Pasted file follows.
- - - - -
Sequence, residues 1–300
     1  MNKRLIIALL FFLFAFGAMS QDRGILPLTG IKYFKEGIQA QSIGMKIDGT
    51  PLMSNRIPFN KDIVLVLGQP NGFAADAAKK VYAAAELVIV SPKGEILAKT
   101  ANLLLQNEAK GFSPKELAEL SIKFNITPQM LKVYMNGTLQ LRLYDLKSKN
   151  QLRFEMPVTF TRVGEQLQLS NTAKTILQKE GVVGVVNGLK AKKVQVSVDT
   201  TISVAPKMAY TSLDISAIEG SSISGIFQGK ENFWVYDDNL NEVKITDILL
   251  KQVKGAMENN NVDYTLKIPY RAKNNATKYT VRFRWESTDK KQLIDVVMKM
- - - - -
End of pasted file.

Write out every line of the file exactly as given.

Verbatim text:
Sequence, residues 1–300
     1  MNKRLIIALL FFLFAFGAMS QDRGILPLTG IKYFKEGIQA QSIGMKIDGT
    51  PLMSNRIPFN KDIVLVLGQP NGFAADAAKK VYAAAELVIV SPKGEILAKT
   101  ANLLLQNEAK GFSPKELAEL SIKFNITPQM LKVYMNGTLQ LRLYDLKSKN
   151  QLRFEMPVTF TRVGEQLQLS NTAKTILQKE GVVGVVNGLK AKKVQVSVDT
   201  TISVAPKMAY TSLDISAIEG SSISGIFQGK ENFWVYDDNL NEVKITDILL
   251  KQVKGAMENN NVDYTLKIPY RAKNNATKYT VRFRWESTDK KQLIDVVMKM